Spanish IV chart picture (2)For teachers, August means the excitement of new students, new classes, new lesson plans–and the end of long mornings, lazy afternoons, and late nights.  For teachers in many school districts, August also means developing goals for the coming year–and then working all year to achieve them. In many districts, such goal-setting is a part of the evaluation process. To be successful, teachers must show not just that they did what they said they’d do, but that their goals had a positive impact on student learning. They need to demonstrate with data that students learned or that what the teacher did had a positive impact on student learning.

Sometimes, the goal is to change students’ attitudes. Quantifying an attitude shift–in a simple and direct way–is harder than, say, reporting the average percentage increase on vocabulary tests. This post is an update on a strategy I developed for documenting such attitude shifts. The update comes at the end and describes a speaking goal that a Spanish IV teacher in my district set and achieved.

A couple of years ago, in my capacity as an instructional coach for teachers in my district, I hit upon a use for Post-it Notes that involves measuring shifts in attitude. I wanted to know, originally, where the secondary teachers I was working with stood vis-à-vis implementation of the Common Core, and then, after I had finished with my professional development presentations on the subject, whether what I’d said and had the teachers do had had an impact. I wanted to know if what I was doing was changing attitudes.

How do you measure an attitude shift?

Furthermore, I wanted to share that information with the teachers.

Instantly.

How could I do that?

Somehow, I hit upon the idea, at the start of my Common Care presentations, of giving everyone in attendance a Post-it note (all the same color) and asking them to array their notes along a spectrum from left to right. I drew a line across the whiteboard at the front of the room and at strategic points along the line, I wrote the following summations of opinion:

  • Far Left: This is just one. more. thing.  It’s all going to go away, so why should I change?
  • Left: You’re kidding? Really? Okay, but where do I start? I’ve got a lot to learn.
  • Center: I’m on the fence.
  • Right: I’m just over being on the fence. I have some reservations, but all right.
  • Far Right: Let’s go! I’m excited! I’ve read a ton, know the standards, tried out a few things. I’m ready to jump in!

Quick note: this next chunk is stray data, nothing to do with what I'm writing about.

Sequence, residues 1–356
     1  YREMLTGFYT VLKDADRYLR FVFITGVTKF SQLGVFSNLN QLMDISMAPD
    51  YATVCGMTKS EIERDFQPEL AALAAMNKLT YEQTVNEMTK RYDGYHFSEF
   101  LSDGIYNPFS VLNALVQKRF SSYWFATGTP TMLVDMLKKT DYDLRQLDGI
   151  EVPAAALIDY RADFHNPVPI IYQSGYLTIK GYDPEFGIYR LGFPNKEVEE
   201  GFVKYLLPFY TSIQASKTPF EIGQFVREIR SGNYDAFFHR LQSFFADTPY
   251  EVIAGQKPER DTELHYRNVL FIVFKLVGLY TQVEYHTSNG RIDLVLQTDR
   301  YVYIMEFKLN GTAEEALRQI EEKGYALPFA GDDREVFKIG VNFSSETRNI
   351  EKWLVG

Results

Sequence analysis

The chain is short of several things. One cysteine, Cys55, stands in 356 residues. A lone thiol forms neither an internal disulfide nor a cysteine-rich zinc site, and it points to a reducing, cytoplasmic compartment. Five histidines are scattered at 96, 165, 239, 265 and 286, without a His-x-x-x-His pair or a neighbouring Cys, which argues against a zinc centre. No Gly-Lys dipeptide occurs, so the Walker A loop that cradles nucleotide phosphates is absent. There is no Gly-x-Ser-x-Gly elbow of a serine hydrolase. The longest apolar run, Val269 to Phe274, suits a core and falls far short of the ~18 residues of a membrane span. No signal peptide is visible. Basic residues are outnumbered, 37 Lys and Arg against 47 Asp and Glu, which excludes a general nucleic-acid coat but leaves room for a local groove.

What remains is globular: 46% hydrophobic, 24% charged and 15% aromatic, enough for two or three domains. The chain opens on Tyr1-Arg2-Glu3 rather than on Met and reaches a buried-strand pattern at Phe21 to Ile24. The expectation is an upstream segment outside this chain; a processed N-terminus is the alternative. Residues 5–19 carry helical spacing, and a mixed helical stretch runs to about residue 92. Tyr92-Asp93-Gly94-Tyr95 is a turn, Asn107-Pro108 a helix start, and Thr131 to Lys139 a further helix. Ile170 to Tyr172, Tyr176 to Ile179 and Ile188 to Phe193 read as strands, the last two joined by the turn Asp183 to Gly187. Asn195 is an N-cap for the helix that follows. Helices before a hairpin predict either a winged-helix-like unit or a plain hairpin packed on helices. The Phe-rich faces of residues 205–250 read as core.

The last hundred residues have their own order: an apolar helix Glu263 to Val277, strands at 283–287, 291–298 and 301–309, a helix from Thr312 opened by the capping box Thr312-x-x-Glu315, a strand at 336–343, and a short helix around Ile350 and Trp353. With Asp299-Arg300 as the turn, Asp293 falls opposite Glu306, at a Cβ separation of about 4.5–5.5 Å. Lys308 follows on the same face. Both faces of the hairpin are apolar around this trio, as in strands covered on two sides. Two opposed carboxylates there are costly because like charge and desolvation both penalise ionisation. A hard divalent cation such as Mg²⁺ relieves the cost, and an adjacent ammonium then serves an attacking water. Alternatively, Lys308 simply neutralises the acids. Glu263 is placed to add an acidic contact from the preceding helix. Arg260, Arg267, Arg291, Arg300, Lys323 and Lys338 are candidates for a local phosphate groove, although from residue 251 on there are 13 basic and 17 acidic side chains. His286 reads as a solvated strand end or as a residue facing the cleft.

The teachers had no idea that I planned to ask the same question again at the end of my sessions. They assumed my visual survey was just a way to assess prior knowledge (which it was) and take a reading on staff opinion (which it also was). They did not write their names on the Post-its and I didn’t watch while they affixed theirs to the wall.

When the workshop was finished, several hours later, I gave everyone another Post-it—this time in a different color—and asked them to do the same thing: Place their Post-it on the wall somewhere along the same spectrum. I deliberately turned my back so I couldn’t see who put theirs where.

P1030326Here’s what the Post-its revealed. (Pink is “before”; blue is “after.”) Of course, the response wasn’t universally enthusiastic—I didn’t expect that—but I was gratified to see that the overall shift was from left to right, proving, above all, that understanding something goes a long way towards supporting it. Or put another way: Education matters.

P1030328Since then, I’ve shown teachers who are trying to measure an attitude shift in their classes this same (quick and non-scientific) strategy, and it has worked for them, too.

For example, here’s one from a business teacher who wanted to know if her financial literacy course had made an impact on her students’ spending habits. She extended the concept to measure the shift in two classes simultaneously.

At the start of the term, the five points on her line were these:

  • Far left: Spend every cent I can get my hands on—and more.
  • Left: Hmmm. Maybe I should save some.
  • Center: Save half (if I can). Spend half.
  • Right: Budget for expenses. Save all I can.
  • Far Right: Invest so my money can make money.

Freeeland 2In this picture, you see the results from two classes: one pink, the other yellow.  The spread on the bottom is the beginning of the semester; the one on top, the end. Notice the movement to the right in both classes–although the two yellow Post-its on the left represent the same two students, before and after. (Ah, well. Some people never learn.)

Because these Post-its would be up on the wall for the whole semester, we both assumed students would forget where they’d placed theirs. So the teacher had her students write their names on the backs of those little pieces of paper. That way, by turning them over at the end and finding their names, the students could see how far they’d come individually.Freeland 1